home study

20 Things to Prepare for a Fostering & Adoption Home study

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Last Updated on October 10, 2023 by Sarah McCubbin

If you need to prepare for a fostering or adoption home study, it helps to know what kind of information you will need to share as you go through the process. From paperwork, the questions and background checks, expect to give your case workers a lot of information!

What is a Home study?

What is a home study? Imagine you have inherited a valuable treasure….it was given to you to care for and pass on to the next generation. But you…you have to travel abroad for 6-12 months and you must leave your treasure with a perfect stranger….someone you do not know, and you don’t know if you can trust. That seems crazy…who would leave something so valuable with a stranger. You would go to extensive lengths to choose who would care for the treasure best while you were gone. You would probably do background checks, references, financial checks and much more to make sure that whoever was going to care for it was trustworthy, safe, and cared about your interests.

As strange as it seems…this is a bit how I view the home study process. When we went through it, it felt like they dug into every nook and cranny of our lives to assess whether we were a good place to keep a most valuable treasure….children. After all…isn’t that really what we want for any child, for them to be placed in a safe place that is going to be good for them?

When a family wants to become a foster or adoptive parent, they are required to take a series of parenting classes and complete a homestudy. The homestudy is like a snapshot of all areas of your life that the agency considers significant in whether you be allowed to foster or adopt. Included in a homestudy will be financial records, marriage records, housing records, references, employment and income records, interview questions, medical questions and documentation and much more.

(Affliliate Disclosure: I may receive a small commission from items purchased through the links below)

How long does an home study take?

According to childwelfare.gov, it takes approximately 3-6 months to complete a home study. This time is on top of the time it takes for you to complete classes. When we licensed to become foster parents, we had 12 classes we needed to take BEFORE we could start the home study. Our agency offered 2 classes every week so we could complete the classes in 6 weeks.

However, I think we had to miss a week or two…so we ended up going to an agency in another county to complete classes because they offered the same ones on another day. It still took us about 2 months to complete the classes. And in our case, it took about 8 months to do the home study…but that was more our fault than the agency. We had a house full of small children at the time and getting paperwork done was a challenge.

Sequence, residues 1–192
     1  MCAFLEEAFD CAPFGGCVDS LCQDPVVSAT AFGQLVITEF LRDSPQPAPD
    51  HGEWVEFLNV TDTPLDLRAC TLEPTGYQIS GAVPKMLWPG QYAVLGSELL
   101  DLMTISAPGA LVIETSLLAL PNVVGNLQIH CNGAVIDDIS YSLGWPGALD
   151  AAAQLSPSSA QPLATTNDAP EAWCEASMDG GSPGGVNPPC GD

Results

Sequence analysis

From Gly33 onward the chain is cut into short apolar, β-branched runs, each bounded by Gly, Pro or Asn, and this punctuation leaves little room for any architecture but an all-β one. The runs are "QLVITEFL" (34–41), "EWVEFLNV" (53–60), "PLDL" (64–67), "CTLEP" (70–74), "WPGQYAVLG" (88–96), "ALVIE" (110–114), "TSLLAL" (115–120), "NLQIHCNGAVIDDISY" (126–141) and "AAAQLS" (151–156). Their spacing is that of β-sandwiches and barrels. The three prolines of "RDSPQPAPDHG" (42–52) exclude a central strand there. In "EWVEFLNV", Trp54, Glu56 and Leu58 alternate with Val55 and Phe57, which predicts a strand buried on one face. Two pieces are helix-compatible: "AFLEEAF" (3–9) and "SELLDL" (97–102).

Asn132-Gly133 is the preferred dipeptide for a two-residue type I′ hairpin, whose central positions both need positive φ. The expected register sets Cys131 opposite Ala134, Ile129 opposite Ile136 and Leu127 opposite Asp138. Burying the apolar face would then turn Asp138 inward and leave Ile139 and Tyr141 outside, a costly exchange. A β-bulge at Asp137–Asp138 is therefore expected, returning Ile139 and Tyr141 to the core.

Home Study Checklist

Our home study was completed through a county agency here in Ohio. It has been a number of years since we went through this process, so I pulled out my foster parent manual to refresh my mind on what exactly was required. Here is what was included in our home study. This may vary slightly from state to state but the general overview should be the same.

  1. Foster care / Adoption Questionnaire
  2. Autobiography
  3. Application for child placement
  4. Authorization for Release of Information so they can run background checks & Bureau of Motor Vehicle checks on all adults in the home.
  5. Medical Statement for all household members – this is basically a physical for every member of the home that states that no one has any physical, mental or emotional problems that would make the home unsafe for the child placed there.
  6. Fire Inspection Report – this comes directly from the fire department who comes to check your home.
  7. Tornado Evacuation Plan posted on all floors
  8. Well Test if you have well water.
  9. Financial Statements
  10. Proof of Residency – ours was an Ohio Proof of Residency that we had been Ohio residents for 5 years. We could use tax returns, bank statements or utility bills to show this.
  11. Alternate Caregiver form
  12. Copies of current Marriage & All Divorce Decrees from previous marriages
  13. Signed Copy of General Rule Compliance Form
  14. Copies of Identification for all adults in the home – 2 per adult (birth certificates, drivers license, passport or social security card)
  15. Adoption Photo Listing Family Registration Waiver
  16. Pet License & Shot Records

The Part Completed by the Assessor

  1. Site & Safety Audit
  2. Foster Parent ID
  3. Individual Training Needs Assessment
  4. Completion of Preservice Training
  5. All adults in home must be fingerprinted.

What questions are asked in the home study process?

Before I get to the questions, it is helpful to note that the whole home study process…including all the questions….is to ensure that the home is both safe and a stable placement of children. I remember feeling somewhat threatened by the process of answering questions. I didn’t feel like I had anything to hide…but some of the questions were so invasive and surprising that I felt caught off guard.

For example: They might ask questions about finances. Have you every defaulted on a loan or been in bankruptcy? If the answer is “yes” then expect that they will ask more specific questions even if the financial trouble was many years ago.